Developing the critical load profiles for the Civic Center and Library sites were based on a Clean Coalition methodology called Total Critical Load Required (TCLR). The TCLR is the total energy consumed by critical loads over a specified time frame. For both the Civic Center and Library, the critical loads were determined to be the entire site load over the course of one day. 

Each site’s Total Critical Load Required (TCLR). The Health Care site is shown even though its critical load profile was determined to be based on sizing its Emergency Distribution Switchboard (EDS).

Step 2:  Resource Scenarios

The second step estimates the solar and storage needed to meet the critical load profile requirements for each site. Due to siting constraints, the solar potential for each site was maximized based on the amount of solar available for each site. Since the Health Center has the largest critical load, the solar potential on the Health Center’s roof, the main parking lot and parking garage, were determined to serve the Health Center. 

The solar siting potential for the Civic Center and Library were sized for their full rooftop potentials. Both the Civic Center and Library also have electrical meters right next to each other, enabling an opportunity to combine those meters into a single master meter which would result in an even more optimal outcome of using solar across those two roofs. The following table lists the annual load, peak demand, and recommended solar sizing per site, including how much on a percentage basis the solar would achieve net-zero energy. 

Project scenario details include each site’s annual load, peak demand, recommended solar, and resulting percentage of net zero.

To account for the solar generation in the TCLR calculation, the Net TCLR was calculated by taking the average solar energy generation for each site’s solar siting potential, for one day, and subtracting it from the TCLR for each site respectively. This resulted in Net TCLR values that became the basis for sizing the battery energy storage system.

Each site’s TCLR, solar generation for an average solar day, and Net TCLR values. The Health Care site is shown even though its resilience scenario was determined to be based on sizing its EDS.

To size the battery energy storage system for the Health Care Center, the Clean Coalition used a proprietary inhouse tool that incorporates historical solar generation and annual load profiles in order to maintain a predefined percentage of a site’s total load indefinitely. To maintain the Health Center’s EDS (sized at 20% of the sites total load), indefinitely, while also accounting for battery degradation, a battery energy capacity was calculated.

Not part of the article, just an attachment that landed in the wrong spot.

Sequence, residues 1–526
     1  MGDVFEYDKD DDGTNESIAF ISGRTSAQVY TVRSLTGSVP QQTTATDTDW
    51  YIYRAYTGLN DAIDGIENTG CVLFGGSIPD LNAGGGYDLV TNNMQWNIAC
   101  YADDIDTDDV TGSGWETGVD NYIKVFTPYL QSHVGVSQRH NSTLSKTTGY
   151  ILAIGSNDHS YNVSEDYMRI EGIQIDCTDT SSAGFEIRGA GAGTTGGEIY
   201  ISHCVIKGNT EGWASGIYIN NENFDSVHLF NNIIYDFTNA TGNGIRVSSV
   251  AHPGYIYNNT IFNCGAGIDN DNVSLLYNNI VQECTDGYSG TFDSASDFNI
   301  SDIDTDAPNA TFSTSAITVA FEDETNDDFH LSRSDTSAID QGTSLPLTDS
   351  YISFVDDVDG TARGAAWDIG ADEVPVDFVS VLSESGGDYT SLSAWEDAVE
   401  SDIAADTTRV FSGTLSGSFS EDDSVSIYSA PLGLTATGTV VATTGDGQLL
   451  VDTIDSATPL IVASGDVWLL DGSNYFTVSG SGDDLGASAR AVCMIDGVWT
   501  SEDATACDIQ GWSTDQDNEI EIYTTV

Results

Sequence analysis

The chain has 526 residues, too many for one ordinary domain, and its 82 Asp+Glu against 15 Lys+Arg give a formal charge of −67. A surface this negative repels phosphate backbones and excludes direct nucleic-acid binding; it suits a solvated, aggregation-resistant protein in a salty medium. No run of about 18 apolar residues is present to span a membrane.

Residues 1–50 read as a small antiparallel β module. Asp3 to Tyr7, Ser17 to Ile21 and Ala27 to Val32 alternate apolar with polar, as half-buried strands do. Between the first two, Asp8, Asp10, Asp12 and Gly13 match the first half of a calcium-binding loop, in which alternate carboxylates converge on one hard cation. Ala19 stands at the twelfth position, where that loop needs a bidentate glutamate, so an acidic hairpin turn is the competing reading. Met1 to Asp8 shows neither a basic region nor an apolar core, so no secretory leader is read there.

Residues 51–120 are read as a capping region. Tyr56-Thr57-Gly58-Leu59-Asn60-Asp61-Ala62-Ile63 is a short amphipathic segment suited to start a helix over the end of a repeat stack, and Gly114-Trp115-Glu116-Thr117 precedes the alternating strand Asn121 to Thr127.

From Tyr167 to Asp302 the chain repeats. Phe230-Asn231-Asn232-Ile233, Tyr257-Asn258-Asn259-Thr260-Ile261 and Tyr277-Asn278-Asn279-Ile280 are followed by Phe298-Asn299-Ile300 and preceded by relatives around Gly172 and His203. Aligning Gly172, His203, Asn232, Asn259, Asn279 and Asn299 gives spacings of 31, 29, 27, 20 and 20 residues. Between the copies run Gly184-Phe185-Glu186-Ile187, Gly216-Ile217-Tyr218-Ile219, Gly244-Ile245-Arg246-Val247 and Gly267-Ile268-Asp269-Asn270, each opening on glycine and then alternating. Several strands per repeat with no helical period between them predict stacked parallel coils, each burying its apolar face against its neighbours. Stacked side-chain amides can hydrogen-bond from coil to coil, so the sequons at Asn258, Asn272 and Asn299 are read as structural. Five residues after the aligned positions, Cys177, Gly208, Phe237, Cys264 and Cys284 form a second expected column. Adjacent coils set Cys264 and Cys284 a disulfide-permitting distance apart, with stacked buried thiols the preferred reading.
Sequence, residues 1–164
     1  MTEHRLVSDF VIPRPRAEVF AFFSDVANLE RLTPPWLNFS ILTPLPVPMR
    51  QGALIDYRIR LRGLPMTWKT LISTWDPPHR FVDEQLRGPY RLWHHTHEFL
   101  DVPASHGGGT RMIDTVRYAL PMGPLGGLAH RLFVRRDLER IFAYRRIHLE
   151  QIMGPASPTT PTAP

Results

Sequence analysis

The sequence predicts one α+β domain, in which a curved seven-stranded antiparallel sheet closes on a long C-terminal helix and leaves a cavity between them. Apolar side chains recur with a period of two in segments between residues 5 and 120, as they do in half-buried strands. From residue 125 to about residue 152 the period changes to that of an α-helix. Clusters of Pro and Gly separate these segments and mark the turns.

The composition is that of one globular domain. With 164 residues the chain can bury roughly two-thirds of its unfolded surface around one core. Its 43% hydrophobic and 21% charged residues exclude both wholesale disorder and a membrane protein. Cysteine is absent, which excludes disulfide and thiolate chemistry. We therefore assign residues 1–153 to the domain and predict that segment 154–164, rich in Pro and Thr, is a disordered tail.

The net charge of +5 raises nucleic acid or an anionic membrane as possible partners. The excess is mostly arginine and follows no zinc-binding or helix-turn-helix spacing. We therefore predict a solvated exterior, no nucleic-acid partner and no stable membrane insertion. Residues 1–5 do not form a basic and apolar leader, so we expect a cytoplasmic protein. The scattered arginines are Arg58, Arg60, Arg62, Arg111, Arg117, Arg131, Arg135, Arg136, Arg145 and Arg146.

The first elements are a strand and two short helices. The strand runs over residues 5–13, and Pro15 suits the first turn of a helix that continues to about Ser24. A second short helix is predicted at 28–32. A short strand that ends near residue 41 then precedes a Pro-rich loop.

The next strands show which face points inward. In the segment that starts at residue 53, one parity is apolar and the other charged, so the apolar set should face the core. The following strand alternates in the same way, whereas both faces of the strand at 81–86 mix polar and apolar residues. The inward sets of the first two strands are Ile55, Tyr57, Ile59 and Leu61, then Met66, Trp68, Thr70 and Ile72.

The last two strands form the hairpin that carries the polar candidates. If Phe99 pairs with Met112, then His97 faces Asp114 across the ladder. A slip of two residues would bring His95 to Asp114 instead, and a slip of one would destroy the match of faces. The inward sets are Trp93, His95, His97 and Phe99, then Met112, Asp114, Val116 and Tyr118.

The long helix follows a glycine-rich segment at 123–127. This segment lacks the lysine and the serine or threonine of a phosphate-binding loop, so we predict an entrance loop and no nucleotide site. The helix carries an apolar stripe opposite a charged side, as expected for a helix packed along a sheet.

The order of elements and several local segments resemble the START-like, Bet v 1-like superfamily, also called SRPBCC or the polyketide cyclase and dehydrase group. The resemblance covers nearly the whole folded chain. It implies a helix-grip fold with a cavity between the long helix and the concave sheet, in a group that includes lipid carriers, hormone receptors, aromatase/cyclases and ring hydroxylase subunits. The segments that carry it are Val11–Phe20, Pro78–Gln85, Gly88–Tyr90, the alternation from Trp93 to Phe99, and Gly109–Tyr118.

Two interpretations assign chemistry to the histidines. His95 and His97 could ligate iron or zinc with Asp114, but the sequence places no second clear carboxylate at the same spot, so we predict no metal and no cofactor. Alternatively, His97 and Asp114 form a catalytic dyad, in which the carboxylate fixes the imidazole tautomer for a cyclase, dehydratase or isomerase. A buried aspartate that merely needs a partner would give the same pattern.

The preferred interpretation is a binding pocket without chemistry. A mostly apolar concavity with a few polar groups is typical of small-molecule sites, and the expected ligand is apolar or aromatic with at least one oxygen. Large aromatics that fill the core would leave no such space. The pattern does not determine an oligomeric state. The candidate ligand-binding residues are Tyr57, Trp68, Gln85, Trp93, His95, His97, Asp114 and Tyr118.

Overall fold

The sizing of the battery energy storage systems at the Civic Center and Library were completed using the Net TCLR values, sized up to account for degradation. The following table lists the recommended battery sizes and the total percentage of load that can be kept online indefinitely using each site’s recommended solar and storage sizes.

Project scenario details include each site’s battery energy and power capacities and their resulting total percentage of load kept online indefinitely.

Step 3:  Site Layouts

The third step features development of site layouts based on the previous steps. Illustrating the recommended locations of the solar and energy storage, through the creation of site layouts, is vital for telling a story and for informing key decision makers. These site layouts also include the locations of other key electrical assets like customer meters, existing or planned EV charging stations, critical loads, and existing diesel generators.

Each site layout comprises a single page with a legend, which label key site layout icons, and call out boxes, which point to the location of the energy resources and critical loads. See the end of the blog post for the two site layouts prepared for the three East LA County sites. 

Step 4:  Economic Analysis

The fourth step provides the economic analysis of the proposed Solar Microgrid solution. Using industry standard tools, an economic analysis was performed, and the results provided LA County with key details. Over a 25-year period, two financing options were analyzed: 1) a “Cash” option – financing the Capital Expenditure (Capex) and Operating Expenditure (Opex) costs for each system; and 2) a Power Purchase Agreement (PPA), which is an established, industry-standard financial solution requiring no upfront cash nor operating or maintenance expenditures. With a PPA, site owners pay using an energy services contract – similar to paying for electricity from a utility – but based on the amount of solar energy (kWh) the system delivers, whether via solar in real-time or time-shifted via a battery.  Being a municipality, LA County would be unable to take the tax benefits under the cash financing option, and with no upfront cash outlay required under the PPA, this option is much more appealing. For the economic analysis, the Clean Coalition set two fixed PPA prices of 17¢ and 20¢ and expects that the actual PPA price would likely fall somewhere in the middle.